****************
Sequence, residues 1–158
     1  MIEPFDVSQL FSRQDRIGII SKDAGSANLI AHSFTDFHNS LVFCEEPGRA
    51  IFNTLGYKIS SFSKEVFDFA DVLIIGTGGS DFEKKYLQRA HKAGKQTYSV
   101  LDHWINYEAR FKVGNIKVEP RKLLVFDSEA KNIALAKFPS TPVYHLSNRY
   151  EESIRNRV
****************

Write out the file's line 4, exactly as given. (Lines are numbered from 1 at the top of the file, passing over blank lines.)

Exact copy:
   101  LDHWINYEAR FKVGNIKVEP RKLLVFDSEA KNIALAKFPS TPVYHLSNRY